I can’t tell you what to charge, but I do know you can’t be charging $50 per visit If you want to grow and scale your business.



The second method involves a mindset shift. Stop selling the treatment and start selling the transformation. Stop selling one visit at a time and start selling the plan of care.

Explain to people, “So, Mrs. Jones, my recommendation for you is our ‘back to running’ program. It’s only 1998 when you decide to move forward. I’m going to finish the evaluation, do some treatment on you, and send you home with a few exercises to do over the weekend. Then I’ll give you a customized plan of care so you can get back to running in order to compete in that 5K. I want you to feel like you’re competent and capable and a great role model for your daughter without feeling like you’re doing permanent damage to your body. How does that sound?”

Most people speak that language and will immediately see it’s what they want.
You can also create an ongoing wellness program for patients who have phased out of their plans of care. It’s recurring revenue for you and helps your patients stay patients for life.

Remember: we’re not selling a commodity. We’re selling a custom solution they can’t price-shop for.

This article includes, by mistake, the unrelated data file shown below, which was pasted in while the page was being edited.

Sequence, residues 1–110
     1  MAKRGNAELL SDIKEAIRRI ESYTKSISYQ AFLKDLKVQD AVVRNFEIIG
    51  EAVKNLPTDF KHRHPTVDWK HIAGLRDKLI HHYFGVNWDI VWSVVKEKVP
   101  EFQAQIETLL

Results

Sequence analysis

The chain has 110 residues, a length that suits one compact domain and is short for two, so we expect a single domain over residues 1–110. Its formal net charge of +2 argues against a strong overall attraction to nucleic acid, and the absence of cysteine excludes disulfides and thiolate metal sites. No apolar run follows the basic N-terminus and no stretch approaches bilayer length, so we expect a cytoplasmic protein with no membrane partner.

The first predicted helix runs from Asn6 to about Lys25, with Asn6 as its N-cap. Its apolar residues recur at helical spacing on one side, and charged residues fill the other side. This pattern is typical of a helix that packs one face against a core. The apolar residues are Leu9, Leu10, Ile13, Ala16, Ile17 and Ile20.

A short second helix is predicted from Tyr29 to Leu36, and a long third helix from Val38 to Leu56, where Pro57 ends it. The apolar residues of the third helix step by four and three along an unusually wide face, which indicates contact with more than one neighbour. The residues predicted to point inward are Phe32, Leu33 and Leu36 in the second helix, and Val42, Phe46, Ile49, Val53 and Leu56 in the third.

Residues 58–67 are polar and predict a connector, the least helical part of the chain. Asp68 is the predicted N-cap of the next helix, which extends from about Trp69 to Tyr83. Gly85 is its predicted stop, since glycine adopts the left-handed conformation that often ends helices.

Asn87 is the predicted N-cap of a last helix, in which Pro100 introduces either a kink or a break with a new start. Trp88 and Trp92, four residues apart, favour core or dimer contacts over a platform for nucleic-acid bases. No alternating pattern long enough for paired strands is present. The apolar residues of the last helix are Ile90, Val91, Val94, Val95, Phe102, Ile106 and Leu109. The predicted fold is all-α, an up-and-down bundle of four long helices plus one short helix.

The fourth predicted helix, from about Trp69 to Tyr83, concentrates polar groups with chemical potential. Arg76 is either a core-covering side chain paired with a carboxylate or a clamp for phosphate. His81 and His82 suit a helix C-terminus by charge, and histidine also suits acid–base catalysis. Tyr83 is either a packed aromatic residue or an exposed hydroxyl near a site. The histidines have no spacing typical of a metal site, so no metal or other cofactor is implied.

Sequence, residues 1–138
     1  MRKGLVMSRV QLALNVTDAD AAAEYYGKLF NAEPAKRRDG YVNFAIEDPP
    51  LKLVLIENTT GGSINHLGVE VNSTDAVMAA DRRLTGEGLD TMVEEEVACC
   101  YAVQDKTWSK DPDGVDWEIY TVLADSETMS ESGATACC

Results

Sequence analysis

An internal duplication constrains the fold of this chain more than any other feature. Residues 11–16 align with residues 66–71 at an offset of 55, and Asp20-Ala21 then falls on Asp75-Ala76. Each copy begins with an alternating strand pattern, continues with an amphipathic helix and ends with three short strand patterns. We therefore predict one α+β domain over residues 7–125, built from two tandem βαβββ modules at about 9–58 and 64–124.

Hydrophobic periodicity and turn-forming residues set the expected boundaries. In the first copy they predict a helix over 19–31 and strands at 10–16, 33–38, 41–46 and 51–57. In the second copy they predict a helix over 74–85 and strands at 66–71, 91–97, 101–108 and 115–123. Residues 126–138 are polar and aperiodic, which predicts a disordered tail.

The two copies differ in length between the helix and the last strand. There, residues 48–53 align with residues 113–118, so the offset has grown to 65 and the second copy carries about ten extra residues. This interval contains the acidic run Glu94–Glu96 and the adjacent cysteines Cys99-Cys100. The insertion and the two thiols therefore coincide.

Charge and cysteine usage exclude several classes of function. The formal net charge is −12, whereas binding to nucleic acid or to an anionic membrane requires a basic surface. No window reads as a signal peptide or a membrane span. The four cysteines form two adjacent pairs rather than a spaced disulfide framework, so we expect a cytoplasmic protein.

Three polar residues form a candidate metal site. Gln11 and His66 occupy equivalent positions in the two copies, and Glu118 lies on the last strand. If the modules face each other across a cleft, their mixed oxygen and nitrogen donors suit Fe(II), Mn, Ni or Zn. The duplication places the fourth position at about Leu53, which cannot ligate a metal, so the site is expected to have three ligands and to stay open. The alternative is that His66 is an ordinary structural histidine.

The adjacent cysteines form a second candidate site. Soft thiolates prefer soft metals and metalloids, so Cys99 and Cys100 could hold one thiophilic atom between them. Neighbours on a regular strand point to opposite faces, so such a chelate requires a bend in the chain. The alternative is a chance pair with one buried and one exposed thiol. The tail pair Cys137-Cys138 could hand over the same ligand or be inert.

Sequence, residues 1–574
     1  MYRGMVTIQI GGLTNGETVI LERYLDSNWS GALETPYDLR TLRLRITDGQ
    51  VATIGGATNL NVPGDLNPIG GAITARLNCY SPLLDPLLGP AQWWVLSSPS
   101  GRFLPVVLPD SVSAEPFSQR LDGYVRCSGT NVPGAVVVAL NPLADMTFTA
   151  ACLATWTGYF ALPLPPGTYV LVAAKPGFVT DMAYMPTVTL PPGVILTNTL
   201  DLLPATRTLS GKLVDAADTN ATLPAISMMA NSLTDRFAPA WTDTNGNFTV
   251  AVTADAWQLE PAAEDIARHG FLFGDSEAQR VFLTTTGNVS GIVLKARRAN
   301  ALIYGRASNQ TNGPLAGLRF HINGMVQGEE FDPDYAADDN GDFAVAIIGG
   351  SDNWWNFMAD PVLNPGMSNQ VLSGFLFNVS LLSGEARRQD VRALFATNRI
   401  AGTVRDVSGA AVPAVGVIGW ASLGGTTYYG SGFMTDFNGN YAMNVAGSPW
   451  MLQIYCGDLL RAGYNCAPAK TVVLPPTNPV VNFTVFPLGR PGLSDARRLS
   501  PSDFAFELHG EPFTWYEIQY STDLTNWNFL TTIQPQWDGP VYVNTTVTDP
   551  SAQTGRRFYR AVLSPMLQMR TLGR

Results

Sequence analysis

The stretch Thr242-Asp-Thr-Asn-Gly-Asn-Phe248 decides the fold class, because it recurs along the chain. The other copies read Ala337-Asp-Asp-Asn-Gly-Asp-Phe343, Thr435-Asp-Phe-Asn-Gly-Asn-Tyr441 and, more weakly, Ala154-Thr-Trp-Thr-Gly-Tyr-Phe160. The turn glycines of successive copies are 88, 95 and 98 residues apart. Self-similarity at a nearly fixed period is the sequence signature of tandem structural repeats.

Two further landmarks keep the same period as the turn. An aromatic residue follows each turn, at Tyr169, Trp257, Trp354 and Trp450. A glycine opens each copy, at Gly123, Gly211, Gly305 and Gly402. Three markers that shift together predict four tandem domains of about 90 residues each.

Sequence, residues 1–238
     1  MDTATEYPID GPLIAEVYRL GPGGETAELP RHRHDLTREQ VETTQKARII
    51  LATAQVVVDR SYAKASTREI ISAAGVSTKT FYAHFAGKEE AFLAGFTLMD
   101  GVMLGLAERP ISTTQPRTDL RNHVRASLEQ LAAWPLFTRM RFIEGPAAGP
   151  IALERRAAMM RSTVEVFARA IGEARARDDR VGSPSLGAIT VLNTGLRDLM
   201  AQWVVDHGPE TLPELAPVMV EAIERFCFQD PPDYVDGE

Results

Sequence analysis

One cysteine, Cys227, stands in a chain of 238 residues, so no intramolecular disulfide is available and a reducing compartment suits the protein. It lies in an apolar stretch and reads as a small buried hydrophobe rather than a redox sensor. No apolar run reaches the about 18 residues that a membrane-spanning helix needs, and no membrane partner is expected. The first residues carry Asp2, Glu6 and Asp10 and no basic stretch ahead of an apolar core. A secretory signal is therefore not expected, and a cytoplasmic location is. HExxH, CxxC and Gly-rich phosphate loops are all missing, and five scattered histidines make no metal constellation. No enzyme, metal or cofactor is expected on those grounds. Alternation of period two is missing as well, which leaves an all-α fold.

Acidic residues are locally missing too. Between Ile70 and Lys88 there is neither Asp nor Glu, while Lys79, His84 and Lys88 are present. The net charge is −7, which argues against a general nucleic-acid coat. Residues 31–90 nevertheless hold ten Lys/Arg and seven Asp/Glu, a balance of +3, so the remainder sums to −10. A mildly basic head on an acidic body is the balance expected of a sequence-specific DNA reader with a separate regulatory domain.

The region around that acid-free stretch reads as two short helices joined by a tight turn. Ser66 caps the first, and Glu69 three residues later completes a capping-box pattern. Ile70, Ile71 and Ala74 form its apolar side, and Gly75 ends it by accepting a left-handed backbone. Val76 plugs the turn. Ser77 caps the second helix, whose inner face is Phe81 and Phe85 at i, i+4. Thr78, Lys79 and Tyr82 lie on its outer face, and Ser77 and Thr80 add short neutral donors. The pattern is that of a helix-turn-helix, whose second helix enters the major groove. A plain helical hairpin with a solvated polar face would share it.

Bottom line… if you’re undervaluing yourself and what you know you can provide to patients, RAISE YOUR RATES TODAY!
If you’re interested in some more specifics on this topic, check out this video!





Want to learn in person? Attend a #manualtherapyparty! Check out our course calendar below!

Learn more online!


Want an approach that enhances your existing evaluation and treatment? No commercial model gives you THE answer. You need an approach that blends the modern with the old school. Live cases, webinars, lectures, Q&A, hundreds of techniques and more! Check out Modern Manual Therapy!

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What qualities do you prefer in your patients? Motivation, having a growth mindset are two I prefer. Having high self efficacy is also important and has been associated with more positive rehab outcomes. Here's another awesome infographic via Brad Beer on Self Efficacy.